We didn't have air-conditioning. It wasn't that we were deprived. It was that hardly anyone had air-conditioning. It was the 1930s and on humid summer nights, I would roll my bed to the window, put my pillow on the windowsill and try to catch a breeze.
Lying there in the night, I would listen to the trains in the distance, imagining where they were going and who was sitting in those plush red seats, heading for adventure. What I didn't realize then was they were just freight trains moving stuff around in the dark.
To me, they were exciting sounds of life; people doing things, going somewhere, living — all the stuff I couldn't do because I was just a kid. And I had to do what I was told and respect my elders and speak only when spoken to and stand up straight and clean behind my ears, whatever that was all about.
In those days, there were no kids who looked like I did. I was tall and skinny, a walking set of bones and tendons. The so-called kids in the movies were in their 30s or more. They made high school films then, and all the stars playing teens were old and looked it.
One time I was in my room upstairs, writing stuff in what I thought of as a "book," and I heard my mother and my Aunt Rheta chatting downstairs about romantic movie stars. Aunt Rheta said, "Charles Boyer can put his shoes under my bed anytime!" And they howled.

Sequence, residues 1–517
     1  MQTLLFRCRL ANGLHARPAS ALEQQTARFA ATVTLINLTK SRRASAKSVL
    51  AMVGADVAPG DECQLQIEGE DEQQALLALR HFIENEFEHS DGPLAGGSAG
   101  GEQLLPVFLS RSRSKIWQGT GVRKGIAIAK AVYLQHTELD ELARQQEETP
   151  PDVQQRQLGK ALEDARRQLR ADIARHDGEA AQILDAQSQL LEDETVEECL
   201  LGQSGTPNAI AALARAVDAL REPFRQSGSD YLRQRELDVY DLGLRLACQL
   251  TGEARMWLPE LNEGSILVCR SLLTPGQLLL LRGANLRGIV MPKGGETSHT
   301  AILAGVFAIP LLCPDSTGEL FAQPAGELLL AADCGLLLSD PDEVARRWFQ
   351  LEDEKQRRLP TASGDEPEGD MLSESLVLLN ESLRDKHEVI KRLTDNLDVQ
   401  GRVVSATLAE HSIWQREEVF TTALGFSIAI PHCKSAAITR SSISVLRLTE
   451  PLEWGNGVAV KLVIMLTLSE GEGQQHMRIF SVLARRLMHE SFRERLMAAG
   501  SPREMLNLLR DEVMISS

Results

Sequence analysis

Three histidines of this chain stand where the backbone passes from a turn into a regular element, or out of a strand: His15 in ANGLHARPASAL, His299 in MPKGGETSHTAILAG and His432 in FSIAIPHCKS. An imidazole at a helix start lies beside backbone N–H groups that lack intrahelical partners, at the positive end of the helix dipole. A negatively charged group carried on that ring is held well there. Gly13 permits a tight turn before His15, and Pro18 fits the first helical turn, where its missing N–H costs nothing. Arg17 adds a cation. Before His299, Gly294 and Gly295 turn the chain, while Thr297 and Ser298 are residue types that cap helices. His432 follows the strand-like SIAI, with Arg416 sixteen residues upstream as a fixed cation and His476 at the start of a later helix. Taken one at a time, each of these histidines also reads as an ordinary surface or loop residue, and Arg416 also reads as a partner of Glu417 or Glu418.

Charles Boyer? He was 50 if he was a day. Old. My mother then surprised me by saying she liked Ronald Coleman. To me, he was a really old guy, and he talked funny.
All the businessmen who ran everything in movies of the day were played by Edward Arnold and Lionel Barrymore. Old guys. And it was true in real life as well. Mr. Bell, who ran Bell's Hardware, was very old — glasses and gray hair. He married Miss Cannon, my third-grade teacher, and she was no spring chicken.
When I was slightly older, Aunt Bertha lived with us for a while. She was a nanny to rich kids, and between jobs she would stay with us and nanny to me. She told me always to remember that anything I wanted to do in life I could do if I just applied myself. I believed her, and it made me feel better. But I was still just a child against a world of old people.
When I was a bigger kid, still trying to crack the adult world, I decided I wanted to go into business mowing lawns, gardening and weeding. I rode on my bike to the local newspaper office, saw the editor and told him I wanted to start my business.
"How much will an ad cost me?" I asked.
He said he wouldn't charge me anything, and he ran the ad every week on the front page in a box: "Reliable boy wants lawns to mow — James Aylward, Stoneham 6-0929-W."
My customers ran the gamut. One picked me up at my house in his Lincoln Continental and drove me to his house in the next town. His wife made me lunch and iced tea. He then gave me five dollars! That was a lot of money in those days.
One client had a lawn the size of New Zealand and kept pushing the curtains back to glare at me as I worked. When I finished, he asked how much he owed. I said, "Five dollars."
He was astounded and said, "I'm going to call your mother!"
Finally, the day came when I was able to get on the train with the red plush seats, the train I knew would take me away to adventure, to real life. I was almost alone that morning as the train left the little town, passed slowly by the Jell-O plant, stretched its way into the big city and brought me finally to the Army.
My mother had said, "Jimmy, tell them about your heart murmur."
I never did.
New Port Richey resident Jim Aylward was formerly a nationally syndicated columnist and radio host in New York City. Write him in care of LifeTimes, St. Petersburg Times, P.O. Box 1121, St. Petersburg, FL 33731.